top of page

Era Motorsport Celebrates 100 Years of Le Mans at Le Mans Classic

INDIANAPOLIS, Indiana (July 11, 2023) - Era Motorsport celebrated the Centenary celebration of the world renowned 24 Hours of Le Mans by participating in the Peter Auto Le Mans Classic, an incredible celebration of everything endurance racing from the very inception.


Over 800 competing cars, 1,200 drivers, 8,500 display cars, and 200,000 fans filled the iconic Circuit de La Sarthe as three and a half days of racing, demonstrations, and entertainment poured from every direction, no matter where you were on-site.



Racing for the official Le Mans Classic was split into 6 Grids separated by years to allow the most iconic cars of a given Era to race like it was the good old days.


Era Motorsport was given the incredible opportunity to enter two cars into the main event, and another into a support category.


First up was Dwight Merriman’s 1960 Aston Martin DB4 GT Lightweight which had a massive upgrade in the form of a new engine right before the event, making it one of the top contenders not only in its class, but in all of Grid 3 with Era owner Kyle Tilley joining Dwight at the helm.


Meanwhile in Grid 5, the trusty and always quick Lola T210 would be competing with a slew of other similar prototypes and many other GT cars from the 1966-1971 era with Will Nuthall and Tilley behind the wheel.


In the Group C support category the team’s final entry was Merriman and Tilley sharing a Nissan NPT-90, which had undergone an extensive rebuild process prior to being shipped over to the UK earlier this year.



With three cars in tow, the Era Motorsport crew headed to Le Mans for what was sure to be one of the most memorable events of the year.


With a packed schedule of 16 total sessions across three days of racing, Era Motorsport hit the track early on Friday for the first qualifying session in the Group C category with the NPT-90. After the long rebuild, finally hitting the grid with a full field of incredible cars, from the Jaguar XJ9-R, to the Lola T92/10 was an incredible moment for the team. Unfortunately, during the first session things would end poorly for the Nissan, as an engine failure would bring irreparable damage to the car and take it out of the rest of the weekend.


“This one hurts,” admitted Tilley, “we thought we were over the initial engine niggles, but sadly it appears not, this one will be back to the drawing board again.”



Thankfully, the next session in the Aston Martin DB4 GT went better for the team, landing Pole Position in class and 11th overall out of over 80 competitors, a good omen for the car. In the night session things continued to look up as Merriman looked extremely comfortable in the car despite racing in the dark, in the wet, and using period-correct vehicle lighting.


The Lola T210 didn’t fare quite as well on its first day as a mysterious electrical gremlin seemed to be in the process of taking the car out of competition, but thankfully despite a few practice sessions lost to the process of fixing the car, it was fully fixed and ready to get on track for the races the next day when it really counted.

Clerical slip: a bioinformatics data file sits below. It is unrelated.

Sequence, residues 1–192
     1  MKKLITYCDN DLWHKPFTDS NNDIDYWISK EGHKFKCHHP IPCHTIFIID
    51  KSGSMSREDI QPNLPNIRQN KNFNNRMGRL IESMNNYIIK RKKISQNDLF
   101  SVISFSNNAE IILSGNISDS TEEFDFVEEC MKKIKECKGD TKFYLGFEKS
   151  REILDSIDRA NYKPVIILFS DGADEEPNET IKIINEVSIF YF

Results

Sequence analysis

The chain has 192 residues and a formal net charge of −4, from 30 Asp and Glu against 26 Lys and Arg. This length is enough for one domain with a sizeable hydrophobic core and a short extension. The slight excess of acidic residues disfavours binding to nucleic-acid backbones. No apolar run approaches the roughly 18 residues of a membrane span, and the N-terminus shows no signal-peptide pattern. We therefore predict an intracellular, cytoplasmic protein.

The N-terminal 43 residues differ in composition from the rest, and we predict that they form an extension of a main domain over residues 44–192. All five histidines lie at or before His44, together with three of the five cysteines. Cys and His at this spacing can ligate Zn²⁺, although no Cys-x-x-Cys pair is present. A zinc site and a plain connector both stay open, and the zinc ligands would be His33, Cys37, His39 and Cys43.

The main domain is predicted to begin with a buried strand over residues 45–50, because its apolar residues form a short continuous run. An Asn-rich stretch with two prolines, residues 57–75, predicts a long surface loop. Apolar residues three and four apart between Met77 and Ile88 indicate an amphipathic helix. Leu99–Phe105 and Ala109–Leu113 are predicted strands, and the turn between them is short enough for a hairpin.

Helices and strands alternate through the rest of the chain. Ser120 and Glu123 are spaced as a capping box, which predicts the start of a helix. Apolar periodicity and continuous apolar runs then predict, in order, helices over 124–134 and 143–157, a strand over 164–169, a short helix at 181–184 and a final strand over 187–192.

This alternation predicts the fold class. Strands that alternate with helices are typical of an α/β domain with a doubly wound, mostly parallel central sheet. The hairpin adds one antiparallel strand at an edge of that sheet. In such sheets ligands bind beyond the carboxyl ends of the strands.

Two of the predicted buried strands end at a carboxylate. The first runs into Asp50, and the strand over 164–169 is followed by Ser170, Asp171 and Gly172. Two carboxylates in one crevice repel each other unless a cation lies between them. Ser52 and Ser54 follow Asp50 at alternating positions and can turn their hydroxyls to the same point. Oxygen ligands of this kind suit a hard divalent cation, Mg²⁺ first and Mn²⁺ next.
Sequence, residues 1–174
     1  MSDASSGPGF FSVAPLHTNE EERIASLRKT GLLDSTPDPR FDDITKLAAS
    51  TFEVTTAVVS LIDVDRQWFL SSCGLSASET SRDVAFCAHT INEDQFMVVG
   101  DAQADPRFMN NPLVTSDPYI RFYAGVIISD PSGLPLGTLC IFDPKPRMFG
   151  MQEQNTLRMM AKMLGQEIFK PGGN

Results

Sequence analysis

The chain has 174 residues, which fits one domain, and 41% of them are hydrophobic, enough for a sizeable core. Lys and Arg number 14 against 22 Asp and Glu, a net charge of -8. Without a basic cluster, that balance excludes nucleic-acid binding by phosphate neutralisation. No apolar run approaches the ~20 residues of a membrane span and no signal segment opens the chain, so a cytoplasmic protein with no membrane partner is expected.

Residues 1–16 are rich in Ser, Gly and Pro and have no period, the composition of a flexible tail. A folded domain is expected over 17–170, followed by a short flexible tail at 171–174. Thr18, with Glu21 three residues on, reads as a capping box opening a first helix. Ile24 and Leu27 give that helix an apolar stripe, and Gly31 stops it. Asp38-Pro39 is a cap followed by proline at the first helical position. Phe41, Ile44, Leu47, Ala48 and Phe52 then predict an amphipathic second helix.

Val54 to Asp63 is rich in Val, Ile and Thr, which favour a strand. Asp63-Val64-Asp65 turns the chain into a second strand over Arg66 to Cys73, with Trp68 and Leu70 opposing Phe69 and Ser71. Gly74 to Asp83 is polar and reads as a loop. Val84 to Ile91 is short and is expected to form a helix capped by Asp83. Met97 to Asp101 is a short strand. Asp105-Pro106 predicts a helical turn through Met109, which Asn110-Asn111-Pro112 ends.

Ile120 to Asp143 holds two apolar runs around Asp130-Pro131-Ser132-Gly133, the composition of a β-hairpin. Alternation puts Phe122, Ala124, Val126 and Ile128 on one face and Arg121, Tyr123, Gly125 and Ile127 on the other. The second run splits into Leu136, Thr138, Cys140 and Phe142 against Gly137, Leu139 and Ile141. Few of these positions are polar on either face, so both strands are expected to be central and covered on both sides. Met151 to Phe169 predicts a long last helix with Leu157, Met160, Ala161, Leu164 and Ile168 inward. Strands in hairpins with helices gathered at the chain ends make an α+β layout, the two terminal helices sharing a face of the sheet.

The first race for the team on Saturday evening went well as Tilley and Merriman finished with the DB4 in the top 15 after fighting their way back from an early spin, setting some of the fastest laps along the way.


Starting in 13th for the second race, Merriman and Tilley once again set to work, this time easily finding their way to the class lead, and fourth overall!


“The Aston was just incredible on track,” said Tilley. “I feel we have the chassis really dialed in now, and it’s just complimented so well by the new engine”.


Sadly, after making such an incredible push, the Aston fell victim to its own mechanical before the end of the race, when the mounts for the Watts Linkage failed.



Tilley was still able to finish 14th overall and third in class, which is quite the feat for having a broken car for two laps, but obviously it’s not the finish that the team was hoping for.


Sadly further investigation revealed the extent of the damage, and despite being incredibly quick, and being eligible for 4th on the starting grid in the final race, the Aston had to retire for the weekend.


And then there was one, the Lola T210. Despite not putting in a representative qualifying time, the car was back running on all cylinders and ready to hit the track for race-on of Grid 5 on Saturday evening.


Starting 65th on the grid, the duo had a lot of time to make up, but started making progress immediately. After one lap the little Lola was up 31 positions, and by lap five they had hit the top 20.


Their final finishing position was 18th, and 7th in class, with a 12th place spot on the starting grid for race two.



Sadly, that starting position wouldn’t matter in the end, as an issue getting the car started when heading to the grid left Tilley starting in 70th place.


Despite this, the team put in the best drive they had all weekend, reaching seventh place by lap six, and an overall finish of 10th by the end of the race.


In the final race of the weekend, The duo of Nuthall and Tilley finally had a good starting position and were able to move up to fourth place with ease, and hold that position for most of the race.


Bad luck had to strike again however, when contact with a competitor put Nuthall into the barriers on the run to the Ford Chicane.


“It’s easy to look at the weekend and be disappointed with the finishes we had, compared to the work and speed we showed overall,” said Tilley, “but really how upset can you be?”


“We spent all weekend surrounded by some of the most important race cars in history at Le Mans! And more than that, we proved we had some of the best speed in many of our cars.”


“How bad of a time can you really have at the Le Mans Classic?”


51 views0 comments

Comments


bottom of page